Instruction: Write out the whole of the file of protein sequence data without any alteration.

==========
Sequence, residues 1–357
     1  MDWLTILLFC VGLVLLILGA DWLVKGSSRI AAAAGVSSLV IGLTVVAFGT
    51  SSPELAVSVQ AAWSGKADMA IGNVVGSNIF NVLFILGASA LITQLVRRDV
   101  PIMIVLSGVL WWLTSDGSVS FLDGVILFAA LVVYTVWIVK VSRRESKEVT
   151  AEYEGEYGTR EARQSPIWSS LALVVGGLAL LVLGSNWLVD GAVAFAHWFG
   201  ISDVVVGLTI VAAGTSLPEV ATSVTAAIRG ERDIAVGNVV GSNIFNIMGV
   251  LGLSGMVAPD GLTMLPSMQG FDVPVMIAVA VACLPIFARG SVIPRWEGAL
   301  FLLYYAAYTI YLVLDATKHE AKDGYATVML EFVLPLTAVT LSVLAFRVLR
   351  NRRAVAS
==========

Sequence, residues 1–357
     1  MDWLTILLFC VGLVLLILGA DWLVKGSSRI AAAAGVSSLV IGLTVVAFGT
    51  SSPELAVSVQ AAWSGKADMA IGNVVGSNIF NVLFILGASA LITQLVRRDV
   101  PIMIVLSGVL WWLTSDGSVS FLDGVILFAA LVVYTVWIVK VSRRESKEVT
   151  AEYEGEYGTR EARQSPIWSS LALVVGGLAL LVLGSNWLVD GAVAFAHWFG
   201  ISDVVVGLTI VAAGTSLPEV ATSVTAAIRG ERDIAVGNVV GSNIFNIMGV
   251  LGLSGMVAPD GLTMLPSMQG FDVPVMIAVA VACLPIFARG SVIPRWEGAL
   301  FLLYYAAYTI YLVLDATKHE AKDGYATVML EFVLPLTAVT LSVLAFRVLR
   351  NRRAVAS